WASHINGTON — A Defense Innovation Unit embed will serve as the Chief Technology Officer for U.S. Indo-Pacific Command’s new Joint Mission Accelerator Directorate, helping the organization connect with the commercial sector.
Adm. John Aquilino, commander of INDOPACOM, announced the creation of the directorate at the National Defense Industrial Association’s Emerging Technologies for Defense conference in Washington. The office will work to ensure the command’s top priority programs have a network of support within the Defense Department and industry.
As the Pentagon’s liaison to commercial companies, the DIU official embedded in the directorate will play a key role in making sure the connection between technological needs and industry solutions is strong, DIU Director Doug Beck told reporters Aug. 29 on the sidelines of the conference.
“The person will be somebody who is that dual-fluency talent, who combines deep expertise in relevant technical areas from the commercial sector as well as doing it live at DIU in a leadership role for a while, working with concrete commercial solutions to DoD problems,” Beck said.
The leader, who will serve as the Joint Mission Accelerator Directorate’s deputy director as well as the CTO, will be joined by a team of DIU staff working throughout INDOCPACOM, he added.
Through its Defense Engagement Team, DIU has officials embedded in other combatant commands and units throughout the military services, including U.S. European Command and U.S. Special Operations Command. Beck said the arrangement with INDOPACOM is part of an effort to “dramatically” build the commercial innovation organization’s presence within existing offices.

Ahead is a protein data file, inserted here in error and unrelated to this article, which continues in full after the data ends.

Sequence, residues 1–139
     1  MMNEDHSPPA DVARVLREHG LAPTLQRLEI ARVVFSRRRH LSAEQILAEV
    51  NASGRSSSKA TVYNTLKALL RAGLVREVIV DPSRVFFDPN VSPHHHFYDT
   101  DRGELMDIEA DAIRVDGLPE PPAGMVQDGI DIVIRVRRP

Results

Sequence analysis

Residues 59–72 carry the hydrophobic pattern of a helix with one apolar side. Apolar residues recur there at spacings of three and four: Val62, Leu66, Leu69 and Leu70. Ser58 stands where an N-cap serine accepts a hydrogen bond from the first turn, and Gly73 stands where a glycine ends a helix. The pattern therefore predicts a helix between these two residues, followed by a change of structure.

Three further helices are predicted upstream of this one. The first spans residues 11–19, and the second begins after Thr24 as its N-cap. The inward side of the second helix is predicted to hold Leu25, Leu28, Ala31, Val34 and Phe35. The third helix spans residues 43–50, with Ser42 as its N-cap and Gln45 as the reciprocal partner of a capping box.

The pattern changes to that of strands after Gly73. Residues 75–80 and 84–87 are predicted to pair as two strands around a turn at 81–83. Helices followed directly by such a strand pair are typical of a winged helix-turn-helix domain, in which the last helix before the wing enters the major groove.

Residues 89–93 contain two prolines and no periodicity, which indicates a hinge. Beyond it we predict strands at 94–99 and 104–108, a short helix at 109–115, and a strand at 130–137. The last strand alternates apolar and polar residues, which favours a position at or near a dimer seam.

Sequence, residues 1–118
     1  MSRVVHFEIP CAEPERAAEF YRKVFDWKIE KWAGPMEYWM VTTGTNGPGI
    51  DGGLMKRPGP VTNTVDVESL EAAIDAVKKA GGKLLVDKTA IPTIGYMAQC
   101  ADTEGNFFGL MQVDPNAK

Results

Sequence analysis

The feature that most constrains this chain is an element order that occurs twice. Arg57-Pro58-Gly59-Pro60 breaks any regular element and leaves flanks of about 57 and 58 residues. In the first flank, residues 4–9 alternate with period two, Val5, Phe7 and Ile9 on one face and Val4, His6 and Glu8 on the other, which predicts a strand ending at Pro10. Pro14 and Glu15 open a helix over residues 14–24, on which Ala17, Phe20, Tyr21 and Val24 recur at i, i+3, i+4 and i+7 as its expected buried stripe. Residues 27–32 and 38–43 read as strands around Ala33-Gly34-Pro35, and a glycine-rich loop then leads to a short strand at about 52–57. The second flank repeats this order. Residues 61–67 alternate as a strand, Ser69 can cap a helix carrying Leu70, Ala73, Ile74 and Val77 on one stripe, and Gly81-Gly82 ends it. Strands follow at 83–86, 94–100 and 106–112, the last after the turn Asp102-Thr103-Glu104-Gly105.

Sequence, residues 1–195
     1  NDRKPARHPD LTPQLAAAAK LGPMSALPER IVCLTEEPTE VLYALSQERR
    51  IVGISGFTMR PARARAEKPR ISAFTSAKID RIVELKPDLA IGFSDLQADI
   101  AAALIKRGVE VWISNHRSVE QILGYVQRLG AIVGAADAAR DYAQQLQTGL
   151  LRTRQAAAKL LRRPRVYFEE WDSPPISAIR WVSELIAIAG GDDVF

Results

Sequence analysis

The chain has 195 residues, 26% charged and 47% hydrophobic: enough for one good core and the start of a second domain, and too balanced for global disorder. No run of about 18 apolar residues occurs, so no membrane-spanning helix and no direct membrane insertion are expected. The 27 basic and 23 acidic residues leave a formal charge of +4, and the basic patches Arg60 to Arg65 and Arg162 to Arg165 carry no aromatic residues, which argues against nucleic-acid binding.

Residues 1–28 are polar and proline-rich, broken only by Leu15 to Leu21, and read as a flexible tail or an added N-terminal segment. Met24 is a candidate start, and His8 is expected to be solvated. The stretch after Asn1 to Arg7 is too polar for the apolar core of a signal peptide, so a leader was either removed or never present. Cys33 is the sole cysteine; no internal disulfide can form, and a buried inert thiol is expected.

“This is about taking that capability and going to a whole other level,” he said. “This is an embed role that’s about being part of the team to help solve a problem . . . help identify where the places are that commercial technology can make a difference.”
In a separate speech at the conference, Beck said the expansion of DIU’s partnerships within the Defense Department is part of a deliberate shift toward fielding military-relevant commercial technologies at a larger scale.
That means “being disruptors of the team to disruptors on the team,” he said. While DIU will maintain its focus on finding commercial capabilities and “serving them up,” Beck hopes that building deeper relationships within the department will help the organization “understand the demand signal and then make sure that we can help find the solutions to those problem.”
“There was a time when disruptors of the team was what was needed,” Beck said. “Now, what we’ve got to do is we’ve got to be disruptors on the team. And that’s about disruption at scale.”
DIU has crafted a plan for this expanded role, which Beck said is awaiting review and approval from Defense Secretary Lloyd Austin.
Courtney Albon is C4ISRNET’s space and emerging technology reporter. She has covered the U.S. military since 2012, with a focus on the Air Force and Space Force. She has reported on some of the Defense Department’s most significant acquisition, budget and policy challenges.